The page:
NFL Combine delivers the drama factor

The characters, possibilities are endless as the league's workout Olympics begin

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INDIANAPOLIS, Ind. — On one side of the cavernous meeting rooms in the Indiana Convention Center, you could watch the bench press. On the other side, future NFL football players answered questions from gaggles of media.

Neither exercise says a ton in particular about how they actually play the game of football, but this is the 2017 NFL Scouting Combine. This is the time to watch how many times a draft prospect can bench press 225 pounds. This is the time to ask Stanford running back Christian McCaffrey about his abilities on the harmonica.

“Camp is (during his sophomore year), it’s not rough, but you get a little bit lonely,” McCaffrey said, “so I ordered a harmonica on Amazon about $15 and just started messing around with it.”

McCaffrey also plays the piano.

“I’m average, I’m not elite, but I like to play,” he said.

Is there anything you can’t do? (This was the next and totally logical question.)

“There’s a lot I can’t do, don’t let me fool you up here,” McCaffrey said with a laugh. “I can’t sing.”

Four Hawkeyes will run the combine marathon — seriously, it’s a marathon that begins for the nearly 300 prospects in the deep a.m. with feats of strength, speed, interviews and a multitude of medical examinations before scouts, coaches and personnel executives.

Quarterback C.J. Beathard and tight end George Kittle meet with the media Friday. Defensive tackle Jaleel Johnson goes Saturday. Defensive back Desmond King takes his turn on Sunday.

Running backs were in the pits on Thursday. LSU’s Leonard Fournette weighed in at 240 pounds on Wednesday, making him the heaviest back at the combine. That came up in interviews.

“It was surprising,” he said. “I drank a lot of water before I weighed in, so it was water weight. Most definitely a lot of people think I’m just strong. Some people say I lack speed, lack burst. I mean, tomorrow will show it out [in the 40-yard dash].”

McCaffrey was the lively podium for the second session. Reporters asked five different times about his decision to skip Stanford’s appearance in the Sun Bowl to focus on preparing for the draft. (Fournette also skipped LSU’s Citrus Bowl after an injury-riddled season.)

This became a monster debate in December. Is it the end of bowls?!?!?!? Or is it a business decision? McCaffrey called it business.

“I made that decision. It was a career decision,” McCaffrey said. “It was a man decision, to try to protect my dream of playing and succeeding in the NFL. Whether it was an advantage or not, I stuck with it and I’m here now, moving on. That’s probably all I’ll talk about that anymore. I’m moving onto NFL football now.”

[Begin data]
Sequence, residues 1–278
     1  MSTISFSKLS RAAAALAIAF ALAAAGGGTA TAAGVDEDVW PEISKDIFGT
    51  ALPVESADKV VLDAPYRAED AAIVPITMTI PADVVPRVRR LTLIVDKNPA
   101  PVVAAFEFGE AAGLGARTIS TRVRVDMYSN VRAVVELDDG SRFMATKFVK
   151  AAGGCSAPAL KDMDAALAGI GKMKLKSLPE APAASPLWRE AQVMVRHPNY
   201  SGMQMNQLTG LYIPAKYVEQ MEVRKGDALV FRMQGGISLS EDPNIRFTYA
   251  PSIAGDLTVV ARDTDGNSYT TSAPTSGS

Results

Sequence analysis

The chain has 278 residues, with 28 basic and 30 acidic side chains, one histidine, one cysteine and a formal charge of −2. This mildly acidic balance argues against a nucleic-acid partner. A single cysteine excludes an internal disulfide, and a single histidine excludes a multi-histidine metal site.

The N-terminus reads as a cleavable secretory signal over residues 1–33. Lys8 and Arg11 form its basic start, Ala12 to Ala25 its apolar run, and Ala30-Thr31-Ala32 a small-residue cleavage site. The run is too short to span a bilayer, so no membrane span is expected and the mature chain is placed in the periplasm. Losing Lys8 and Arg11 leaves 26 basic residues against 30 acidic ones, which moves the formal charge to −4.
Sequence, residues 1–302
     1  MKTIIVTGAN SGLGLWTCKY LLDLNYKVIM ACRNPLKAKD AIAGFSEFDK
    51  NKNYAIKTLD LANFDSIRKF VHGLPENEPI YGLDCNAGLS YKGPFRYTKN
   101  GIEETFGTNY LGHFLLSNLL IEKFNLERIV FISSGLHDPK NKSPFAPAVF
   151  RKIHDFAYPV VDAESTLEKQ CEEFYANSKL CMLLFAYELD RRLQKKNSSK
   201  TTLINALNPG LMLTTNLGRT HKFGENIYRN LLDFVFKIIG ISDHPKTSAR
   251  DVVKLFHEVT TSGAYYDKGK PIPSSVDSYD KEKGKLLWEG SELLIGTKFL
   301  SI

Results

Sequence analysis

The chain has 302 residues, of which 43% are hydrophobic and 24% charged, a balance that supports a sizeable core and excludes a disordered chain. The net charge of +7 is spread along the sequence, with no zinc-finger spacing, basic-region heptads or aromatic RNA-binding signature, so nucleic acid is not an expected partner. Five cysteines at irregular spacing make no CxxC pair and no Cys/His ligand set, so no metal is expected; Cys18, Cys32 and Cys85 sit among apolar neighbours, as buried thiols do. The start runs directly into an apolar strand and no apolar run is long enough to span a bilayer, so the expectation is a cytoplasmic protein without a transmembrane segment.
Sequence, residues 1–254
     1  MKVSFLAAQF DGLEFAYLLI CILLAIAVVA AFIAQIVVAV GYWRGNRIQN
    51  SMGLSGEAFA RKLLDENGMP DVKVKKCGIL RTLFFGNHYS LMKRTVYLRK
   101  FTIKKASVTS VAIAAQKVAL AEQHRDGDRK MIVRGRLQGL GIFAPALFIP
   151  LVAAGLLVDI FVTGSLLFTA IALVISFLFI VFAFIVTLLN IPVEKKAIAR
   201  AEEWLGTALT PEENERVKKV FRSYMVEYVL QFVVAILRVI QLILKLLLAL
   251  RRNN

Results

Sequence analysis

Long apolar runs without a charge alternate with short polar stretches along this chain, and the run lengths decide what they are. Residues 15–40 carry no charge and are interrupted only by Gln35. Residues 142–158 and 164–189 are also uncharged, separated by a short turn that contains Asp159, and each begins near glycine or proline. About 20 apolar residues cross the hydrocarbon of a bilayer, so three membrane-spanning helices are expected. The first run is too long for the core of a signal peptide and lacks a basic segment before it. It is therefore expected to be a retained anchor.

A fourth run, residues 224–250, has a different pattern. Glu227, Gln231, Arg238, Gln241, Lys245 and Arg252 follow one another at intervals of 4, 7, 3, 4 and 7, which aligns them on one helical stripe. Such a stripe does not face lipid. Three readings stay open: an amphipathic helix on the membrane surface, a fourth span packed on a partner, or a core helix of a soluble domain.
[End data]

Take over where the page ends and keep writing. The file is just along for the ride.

McCaffrey said his teammates gave him a “little ovation” when he relayed the news.

“That was one of the toughest decisions I’ve ever had to make,” he said. “I was just real lucky to have a bunch of guys who have my back during it.”

Players spent 15 or so minutes at podiums and tables fielding questions from a massive amount of media. This situation is, unfortunately, made for duplication from questioners.

McCaffrey had skipping the bowl. (It’s his life, he said it was a business thing, his teammates supported him and does anyone even remember who Stanford played in the Sun Bowl?)

Pitt running back James Conner answered repeated questions about cancer.

Conner was the ACC player of the year in 2014. He then suffered a knee injury and missed 2015. That’s when he was diagnosed with Hodgkin lymphoma. He returned in 2016 and finished with 1,092 yards. He’s also the ACC’s career touchdown leader.

And now here he is. He said Thursday that NFL teams haven’t asked him a ton of questions about his condition. Conner said he received a clean scan last week and that his Hodgkin lymphoma remained in remission.

“I’m hearing a lot of congratulations (during his interviews with NFL executives),” Conner said. “I’m up to date. They all got a copy of that, so there’s really no questions about that. Medical has been fine for me. A lot of doctors say I’m healthy.”

Conner has a three-inch scar on the right side of his neck. It’s a remnant of cancer surgery. And, deep breath for Conner’s sake, the only one.

“I ask the coaches, ‘What do you guys want in a RB?’” Conner said. “They want a tough guy. My mental toughness and my physical toughness, I feel, is second to none. I’ve just been through so much and I think I’m more determined than any running back in this class and just willing to make sacrifices and do whatever it takes.”

l Comments: (319) 398-8256; marc.morehouse@thegazette.com

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